London is no longer a British city, but an international city. Ever since the Olympic torch was lit a week and a half ago, people from all over the world have taken over the city.
Walking through the tubes and the city, you’re not afraid to talk to anyone. Everyone is friendly. There is something absolutely unquantifiable in the air. Everyone becomes friends. Not just friends though, best friends.
There is a great respect for every other nation. Old rivalries are lost. The world has truly come together. It is something that I believe everyone should experience.
If there is anything I have learned since the games began, it’s that the sports don’t matter so much. It’s not just the winning that is important. (Although I will say, winning is very important to many fans). Spectators pour into arenas to watch sports they may have never seen or heard of and sometimes to see athletes from countries hundreds or thousands of miles from their own.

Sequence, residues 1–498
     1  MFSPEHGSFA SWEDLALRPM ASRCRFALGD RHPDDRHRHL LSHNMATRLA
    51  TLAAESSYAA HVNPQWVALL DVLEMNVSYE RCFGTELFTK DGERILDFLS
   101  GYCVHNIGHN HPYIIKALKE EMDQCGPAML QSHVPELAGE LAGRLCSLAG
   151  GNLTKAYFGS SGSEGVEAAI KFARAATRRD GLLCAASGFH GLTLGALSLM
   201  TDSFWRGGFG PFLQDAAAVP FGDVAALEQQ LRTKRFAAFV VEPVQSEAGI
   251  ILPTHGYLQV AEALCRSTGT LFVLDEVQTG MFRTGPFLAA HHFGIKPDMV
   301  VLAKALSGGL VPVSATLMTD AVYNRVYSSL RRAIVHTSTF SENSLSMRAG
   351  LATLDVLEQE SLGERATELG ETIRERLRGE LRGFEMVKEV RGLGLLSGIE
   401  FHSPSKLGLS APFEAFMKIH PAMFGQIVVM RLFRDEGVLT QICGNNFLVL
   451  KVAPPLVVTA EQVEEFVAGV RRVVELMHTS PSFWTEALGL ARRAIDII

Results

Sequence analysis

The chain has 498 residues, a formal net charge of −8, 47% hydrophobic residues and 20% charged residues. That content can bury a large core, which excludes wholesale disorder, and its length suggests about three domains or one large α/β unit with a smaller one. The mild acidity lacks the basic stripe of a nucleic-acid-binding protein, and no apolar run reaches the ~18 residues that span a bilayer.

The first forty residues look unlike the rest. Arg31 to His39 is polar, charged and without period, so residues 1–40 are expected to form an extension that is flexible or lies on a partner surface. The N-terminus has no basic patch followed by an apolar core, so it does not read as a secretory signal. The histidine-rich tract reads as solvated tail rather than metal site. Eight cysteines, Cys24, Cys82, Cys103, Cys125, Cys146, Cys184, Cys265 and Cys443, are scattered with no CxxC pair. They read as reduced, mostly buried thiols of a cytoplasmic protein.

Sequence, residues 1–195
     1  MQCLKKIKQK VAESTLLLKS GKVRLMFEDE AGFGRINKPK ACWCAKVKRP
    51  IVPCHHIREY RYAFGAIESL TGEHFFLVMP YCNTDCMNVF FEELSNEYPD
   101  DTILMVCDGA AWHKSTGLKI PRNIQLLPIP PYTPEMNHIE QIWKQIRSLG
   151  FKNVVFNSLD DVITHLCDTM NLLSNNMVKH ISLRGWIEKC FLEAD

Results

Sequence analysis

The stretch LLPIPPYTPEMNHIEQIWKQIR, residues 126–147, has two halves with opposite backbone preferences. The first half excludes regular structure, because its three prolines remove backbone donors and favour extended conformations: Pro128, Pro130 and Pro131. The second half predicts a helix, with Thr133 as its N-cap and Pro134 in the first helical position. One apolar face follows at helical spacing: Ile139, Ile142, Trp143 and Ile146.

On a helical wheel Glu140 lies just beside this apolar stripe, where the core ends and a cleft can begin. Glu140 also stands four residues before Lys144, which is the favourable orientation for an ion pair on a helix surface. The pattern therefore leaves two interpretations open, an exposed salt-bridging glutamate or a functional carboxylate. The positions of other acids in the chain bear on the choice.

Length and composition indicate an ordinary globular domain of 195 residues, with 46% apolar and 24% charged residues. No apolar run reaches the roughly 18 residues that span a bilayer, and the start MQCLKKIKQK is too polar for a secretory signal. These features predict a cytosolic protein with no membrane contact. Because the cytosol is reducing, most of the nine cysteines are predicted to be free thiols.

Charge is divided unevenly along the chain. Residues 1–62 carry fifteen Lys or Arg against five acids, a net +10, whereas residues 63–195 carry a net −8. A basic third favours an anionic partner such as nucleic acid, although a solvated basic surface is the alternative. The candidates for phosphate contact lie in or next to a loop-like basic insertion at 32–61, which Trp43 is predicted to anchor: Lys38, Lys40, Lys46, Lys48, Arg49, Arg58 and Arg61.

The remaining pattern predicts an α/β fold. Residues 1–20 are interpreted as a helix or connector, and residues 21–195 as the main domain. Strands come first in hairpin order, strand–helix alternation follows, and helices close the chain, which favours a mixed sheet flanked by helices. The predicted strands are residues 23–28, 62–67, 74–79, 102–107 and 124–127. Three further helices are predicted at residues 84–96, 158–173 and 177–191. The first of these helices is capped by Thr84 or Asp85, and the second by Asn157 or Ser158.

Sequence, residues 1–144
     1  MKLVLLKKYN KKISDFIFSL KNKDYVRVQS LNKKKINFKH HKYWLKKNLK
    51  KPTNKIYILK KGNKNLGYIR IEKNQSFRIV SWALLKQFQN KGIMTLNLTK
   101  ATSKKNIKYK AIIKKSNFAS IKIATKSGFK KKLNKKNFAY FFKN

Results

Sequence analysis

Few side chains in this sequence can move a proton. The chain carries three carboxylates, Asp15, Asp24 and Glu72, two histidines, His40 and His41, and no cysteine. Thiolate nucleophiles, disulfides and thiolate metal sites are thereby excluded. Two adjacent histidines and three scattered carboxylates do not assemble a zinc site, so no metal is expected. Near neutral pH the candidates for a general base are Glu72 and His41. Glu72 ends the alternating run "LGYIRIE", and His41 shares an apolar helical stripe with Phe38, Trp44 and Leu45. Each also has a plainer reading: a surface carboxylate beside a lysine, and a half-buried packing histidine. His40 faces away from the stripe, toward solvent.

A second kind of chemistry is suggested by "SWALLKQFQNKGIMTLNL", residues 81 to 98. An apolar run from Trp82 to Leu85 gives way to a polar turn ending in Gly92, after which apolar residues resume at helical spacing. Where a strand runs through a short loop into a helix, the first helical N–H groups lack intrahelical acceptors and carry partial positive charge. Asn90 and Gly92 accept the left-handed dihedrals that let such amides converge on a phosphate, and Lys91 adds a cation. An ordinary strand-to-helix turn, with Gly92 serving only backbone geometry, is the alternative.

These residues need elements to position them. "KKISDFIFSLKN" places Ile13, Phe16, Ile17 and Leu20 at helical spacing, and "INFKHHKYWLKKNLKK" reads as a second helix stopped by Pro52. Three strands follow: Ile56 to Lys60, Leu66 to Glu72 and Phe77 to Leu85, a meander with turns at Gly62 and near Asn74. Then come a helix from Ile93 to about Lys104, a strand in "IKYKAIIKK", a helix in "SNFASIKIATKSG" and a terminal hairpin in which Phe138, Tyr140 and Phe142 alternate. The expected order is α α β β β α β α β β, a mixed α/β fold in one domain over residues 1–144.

I came to this realization in maybe the oddest of places. Standing in a line with people from many other countries to pick up tickets for the 2012 Games, I met David Chin, possibly the epitome of an Olympic super fan. Chin has attended 10 Olympic Games and just keeps coming back. There is a certain Olympic virus that goes around. I have always heard everyone tell me that this will surely not be my final Olympics. I think they are right.
Being at men’s gymnastics days ago with the seats I had was a surreal experience. Not only was it great to see Danell Leyva come back to claim the bronze medal for the U.S., but it was amazing to see the crowd support every gymnast no matter the country. The experience of watching these world class athletes get their medals was absolutely amazing.
The Olympics are contagious, and I have the disease.